Artificial Intelligence went from creating silly images to producing indistinguishably good portraits in just a couple of years. Now, researchers show that in some instances, AI-generated images are even more convincing than the real deal.
In a world where technology increasingly blurs the lines between the real and the artificial, this is concerning in more ways than one.
In the new study, researchers conducted two experiments. The first experiment had 124 participants view 100-AI generated faces and 100 photos of real people. The participants (all white) were asked to decide whether each face was AI-generated or real, and how confident they were on a 100-point scale.
All portraits here were of Caucasian-looking humans. Out of the human images, participants only thought that 51% were real. But out of the AI images, 66% were classed as real.
“Remarkably, White AI faces can convincingly pass as more real than human faces — and people do not realize they are being fooled,” the researchers note in the study. “Problematically, the people who were most likely to be fooled by AI faces were the least likely to detect that they were being fooled,” they add, as these participants showed the highest confidence in their answers.
In the second experiment, 610 participants were shown another mix of AI and human faces. The study delved deeper into this bias, asking participants to rate which features distinguish AI from non-AI. The experiment pointed out that non-white AI-generated faces did not receive the same level of mistaken identity as their white counterparts, being identified correctly about half of the time. This discrepancy suggests that AI’s proficiency in generating realistic images is uneven across different racial groups.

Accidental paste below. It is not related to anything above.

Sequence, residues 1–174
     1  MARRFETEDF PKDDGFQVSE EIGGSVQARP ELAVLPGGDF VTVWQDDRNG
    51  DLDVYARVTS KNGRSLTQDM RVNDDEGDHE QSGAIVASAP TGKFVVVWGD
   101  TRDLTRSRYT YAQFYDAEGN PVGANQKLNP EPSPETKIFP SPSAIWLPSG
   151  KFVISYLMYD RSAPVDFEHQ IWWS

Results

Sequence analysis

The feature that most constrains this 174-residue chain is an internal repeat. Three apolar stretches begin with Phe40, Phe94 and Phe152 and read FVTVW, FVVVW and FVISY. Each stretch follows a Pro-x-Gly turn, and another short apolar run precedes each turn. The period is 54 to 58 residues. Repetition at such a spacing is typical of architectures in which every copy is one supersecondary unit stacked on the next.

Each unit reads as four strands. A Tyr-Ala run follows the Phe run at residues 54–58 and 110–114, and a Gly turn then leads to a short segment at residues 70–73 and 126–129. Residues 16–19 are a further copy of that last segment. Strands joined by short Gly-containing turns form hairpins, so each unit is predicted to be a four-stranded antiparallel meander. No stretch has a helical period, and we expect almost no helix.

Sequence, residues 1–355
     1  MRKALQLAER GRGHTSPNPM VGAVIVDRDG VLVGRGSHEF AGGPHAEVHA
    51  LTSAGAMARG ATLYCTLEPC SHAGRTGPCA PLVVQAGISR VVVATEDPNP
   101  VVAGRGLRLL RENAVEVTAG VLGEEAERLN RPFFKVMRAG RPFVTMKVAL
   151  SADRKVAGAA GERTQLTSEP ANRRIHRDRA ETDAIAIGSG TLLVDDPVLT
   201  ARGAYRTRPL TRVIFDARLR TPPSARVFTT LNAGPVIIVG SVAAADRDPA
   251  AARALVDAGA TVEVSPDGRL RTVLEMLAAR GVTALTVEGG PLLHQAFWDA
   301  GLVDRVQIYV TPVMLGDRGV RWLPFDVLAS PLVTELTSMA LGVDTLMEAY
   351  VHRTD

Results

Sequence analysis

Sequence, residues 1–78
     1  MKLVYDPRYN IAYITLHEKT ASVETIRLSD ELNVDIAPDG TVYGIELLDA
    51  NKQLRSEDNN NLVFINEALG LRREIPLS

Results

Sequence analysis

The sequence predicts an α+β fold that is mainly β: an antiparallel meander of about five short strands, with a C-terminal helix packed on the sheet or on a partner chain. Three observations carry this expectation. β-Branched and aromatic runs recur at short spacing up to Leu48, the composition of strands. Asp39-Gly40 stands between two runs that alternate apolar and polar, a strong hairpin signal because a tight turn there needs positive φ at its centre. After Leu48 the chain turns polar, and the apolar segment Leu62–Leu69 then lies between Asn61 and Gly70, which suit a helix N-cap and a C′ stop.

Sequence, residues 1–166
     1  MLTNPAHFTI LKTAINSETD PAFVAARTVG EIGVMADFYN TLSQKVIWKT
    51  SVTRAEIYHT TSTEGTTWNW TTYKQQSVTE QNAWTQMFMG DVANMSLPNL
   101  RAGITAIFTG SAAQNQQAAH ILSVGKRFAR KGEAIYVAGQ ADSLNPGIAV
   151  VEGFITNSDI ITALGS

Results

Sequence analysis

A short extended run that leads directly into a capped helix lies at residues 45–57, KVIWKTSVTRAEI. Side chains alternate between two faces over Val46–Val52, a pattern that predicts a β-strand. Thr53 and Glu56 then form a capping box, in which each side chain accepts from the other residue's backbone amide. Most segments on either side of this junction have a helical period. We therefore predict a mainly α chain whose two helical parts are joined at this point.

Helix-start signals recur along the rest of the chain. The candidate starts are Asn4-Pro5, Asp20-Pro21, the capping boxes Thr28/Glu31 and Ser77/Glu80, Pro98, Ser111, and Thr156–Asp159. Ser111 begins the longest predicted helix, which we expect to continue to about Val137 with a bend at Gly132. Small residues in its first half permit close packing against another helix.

“Here, we show that White (but not non-White) AI faces are, remarkably, judged as human more often than pictures of actual humans. We pinpoint the perceptual qualities of faces that contribute to this hyperrealism phenomenon, including facial proportions, familiarity, and memorability,” the researchers note.
We’ve been hearing a lot recently about the immense potential of generative AI, and it’s true. However, the advancement of AI technology also brings with it a host of challenges. While AI’s ability to create hyper-realistic images opens new avenues in fields like entertainment and virtual reality, it also necessitates a rigorous examination of the ethical implications of its use.
This research not only highlights the advanced state of AI in creating lifelike images but also underscores a significant racial bias in the technology. The AI systems, predominantly trained on datasets featuring white faces, have become adept at replicating them, leaving other racial groups underrepresented and potentially misrepresented.
“Our study highlights two separate, and critical, biases. First, generative adversarial networks (GANs) are biased toward the statistical regularities of their most common inputs, which we argue produces AI hyperrealism.”
“Second, we found evidence of White racial bias in algorithmic training that produces racial differentials in the presence of AI hyperrealism, with significant implications for the use of AI faces online and in science.”
It’s not the first time that racial bias in AI has been highlighted. AI tools were often demonstrated to default to dangerous tropes and biases, and while image generators like Stable Diffusion and DALL-E are making efforts to reduce biases, these biases are far from gone.
So, there are two main takeaways from this work. The first is that biases are still prevalent in current AI systems, and we need better ways to deal with that. The second is that our ability to detect what’s AI made and what’s real is not nearly good enough.
“Given that humans are unable to detect current AI faces, society needs tools that can accurately identify AI imposters,” the researchers conclude.
The study “AI Hyperrealism: Why AI Faces Are Perceived as More Real Than Human Ones” was published in Psychological Science.